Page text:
Stange-Bass-Jig-In-FishermanThere’s no bad time to fish a jig, especially if you’re after big fish. But they become particularly effective as mid-summer turns to early fall. With the water warm, bass need to feed to pack on weight. But with bait abundant, bass can afford to be choosy about when they bite and what they bite. Jigs score because, rigged right, they can combine power and finesse in one presentation. This package shows bass something that’s both vulnerable and worth chasing, from an energetics perspective.

The Summer Scene
On natural lakes and reservoirs with abundant vegetation, bass occupy various zones within this lush cover. Some great habitat is obvious, while other locales, typically deeper, are hidden from view. Sonar reveals these deeper edges, pockets, and points of vegetation where bass feed all summer long.

From Canada to California to Florida, bass favor tall emergent vegetation that carries many common names—bulrushes, reeds, buggy whips, and tules to name a few. These plants grow on a harder bottom that often limits submerged vegetation. But dense stands with pockets and points are key feeding areas for big bass throughout the season. They can be challenging to fish, and to pull big fish out of. We will explore some new developments here shortly.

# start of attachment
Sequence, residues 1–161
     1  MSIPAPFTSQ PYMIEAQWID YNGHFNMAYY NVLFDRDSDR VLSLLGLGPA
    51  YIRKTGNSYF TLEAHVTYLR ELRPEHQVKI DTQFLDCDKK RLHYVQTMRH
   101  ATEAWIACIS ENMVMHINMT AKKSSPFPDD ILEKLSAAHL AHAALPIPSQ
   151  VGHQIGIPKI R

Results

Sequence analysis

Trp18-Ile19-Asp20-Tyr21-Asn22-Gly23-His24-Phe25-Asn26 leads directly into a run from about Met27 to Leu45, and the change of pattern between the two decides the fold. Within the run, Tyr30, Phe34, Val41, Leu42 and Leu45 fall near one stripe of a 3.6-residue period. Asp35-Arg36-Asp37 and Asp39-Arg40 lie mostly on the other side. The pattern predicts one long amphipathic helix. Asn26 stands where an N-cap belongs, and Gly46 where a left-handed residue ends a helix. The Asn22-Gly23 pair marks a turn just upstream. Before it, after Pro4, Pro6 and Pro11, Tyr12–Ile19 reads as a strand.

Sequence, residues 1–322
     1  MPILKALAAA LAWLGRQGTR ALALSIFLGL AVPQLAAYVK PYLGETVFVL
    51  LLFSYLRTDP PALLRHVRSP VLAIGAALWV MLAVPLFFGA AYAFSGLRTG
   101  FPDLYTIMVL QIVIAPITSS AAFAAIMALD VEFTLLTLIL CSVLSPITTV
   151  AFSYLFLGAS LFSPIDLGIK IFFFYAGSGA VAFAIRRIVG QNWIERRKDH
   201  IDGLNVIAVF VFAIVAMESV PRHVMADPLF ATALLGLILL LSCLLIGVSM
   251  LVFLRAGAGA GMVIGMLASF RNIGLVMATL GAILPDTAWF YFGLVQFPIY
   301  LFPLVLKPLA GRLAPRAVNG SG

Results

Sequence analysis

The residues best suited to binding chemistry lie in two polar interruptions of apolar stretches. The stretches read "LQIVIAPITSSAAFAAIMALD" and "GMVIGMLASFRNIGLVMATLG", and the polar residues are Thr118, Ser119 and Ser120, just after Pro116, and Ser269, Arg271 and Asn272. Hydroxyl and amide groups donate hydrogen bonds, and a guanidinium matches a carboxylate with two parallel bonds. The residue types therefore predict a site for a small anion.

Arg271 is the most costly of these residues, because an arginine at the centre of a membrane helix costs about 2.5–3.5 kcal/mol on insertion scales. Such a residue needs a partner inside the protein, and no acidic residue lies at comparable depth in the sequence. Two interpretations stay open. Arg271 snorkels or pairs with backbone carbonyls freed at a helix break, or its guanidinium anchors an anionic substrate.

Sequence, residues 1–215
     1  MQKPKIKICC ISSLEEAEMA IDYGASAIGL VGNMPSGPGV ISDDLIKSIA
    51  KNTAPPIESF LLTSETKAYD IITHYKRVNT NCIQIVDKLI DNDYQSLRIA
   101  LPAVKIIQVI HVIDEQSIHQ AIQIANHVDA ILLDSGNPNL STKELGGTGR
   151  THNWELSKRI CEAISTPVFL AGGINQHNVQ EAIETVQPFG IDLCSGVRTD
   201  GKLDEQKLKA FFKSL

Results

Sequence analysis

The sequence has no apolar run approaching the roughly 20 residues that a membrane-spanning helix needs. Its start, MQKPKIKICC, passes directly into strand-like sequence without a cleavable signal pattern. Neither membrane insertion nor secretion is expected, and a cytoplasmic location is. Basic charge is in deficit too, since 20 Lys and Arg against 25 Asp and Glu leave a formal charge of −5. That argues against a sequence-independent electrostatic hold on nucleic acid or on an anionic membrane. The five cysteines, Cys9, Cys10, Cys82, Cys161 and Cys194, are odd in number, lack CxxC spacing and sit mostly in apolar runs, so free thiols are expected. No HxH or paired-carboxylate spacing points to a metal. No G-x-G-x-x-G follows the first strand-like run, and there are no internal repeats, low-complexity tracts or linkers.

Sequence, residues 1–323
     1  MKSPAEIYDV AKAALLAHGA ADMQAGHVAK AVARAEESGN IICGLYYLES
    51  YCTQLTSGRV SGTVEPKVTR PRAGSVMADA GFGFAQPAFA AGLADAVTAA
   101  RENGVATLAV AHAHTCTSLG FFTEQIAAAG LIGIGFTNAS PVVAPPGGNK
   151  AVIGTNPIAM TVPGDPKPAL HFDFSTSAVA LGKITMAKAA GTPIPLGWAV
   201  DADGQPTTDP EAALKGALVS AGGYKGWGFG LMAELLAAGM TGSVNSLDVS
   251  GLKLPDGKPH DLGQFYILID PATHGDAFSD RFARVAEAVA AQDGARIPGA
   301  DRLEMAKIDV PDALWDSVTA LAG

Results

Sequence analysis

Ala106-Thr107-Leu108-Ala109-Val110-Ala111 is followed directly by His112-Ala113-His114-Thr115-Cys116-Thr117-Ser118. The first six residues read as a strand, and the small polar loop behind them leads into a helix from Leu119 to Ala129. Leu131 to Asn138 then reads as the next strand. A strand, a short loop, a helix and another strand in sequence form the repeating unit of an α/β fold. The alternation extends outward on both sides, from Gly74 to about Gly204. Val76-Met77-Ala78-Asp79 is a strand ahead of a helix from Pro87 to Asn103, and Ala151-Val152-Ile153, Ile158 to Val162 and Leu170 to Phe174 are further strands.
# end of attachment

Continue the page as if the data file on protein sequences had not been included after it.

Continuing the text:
Casting, pitching, and flipping can all apply to bulrush fishing, depending on density of the plants and water depth. Active bass often move to the outer edges of stands or hold in open pockets where casting works. On the other hand, in the deepest, densest plots, you must proceed slowly and quietly, but you can catch fish within feet of the boat, with a near-vertical drop.

Vast vegetated flats are summer feeding grounds as well. For the highest-percentage fishing, focus on edges, particularly the deeper edge where vegetation tapers into the lake basin. In darker waters, this may occur in 6 to 8 feet of water, while in clear impoundments and lakes with hydrilla, edges may be out in 20 feet or even more. Active bass roam this outer edge throughout the day, but early in the morning, they often chase baitfish from open water toward the edge, which helps them trap their prey. As a school of shad or shiners approaches the weededge, it typically splits and smaller groups of baitfish scatter. When they do, bass attack, knowing they have an advantage over these small and swift swimmers.

Casting toward the edge with a weedless jig often takes the biggest fish of the day. Bass higher in the water column often eat the lure as it falls. At other times, you feel a thump and see the line jumps within seconds of bottom contact. Note where the strikes come and you can adjust the presentation. If fish are biting on the fall, switch to a lighter jig to give more drop time. If they’re on bottom, go heavier to increase bottom thump and to get back down fast.

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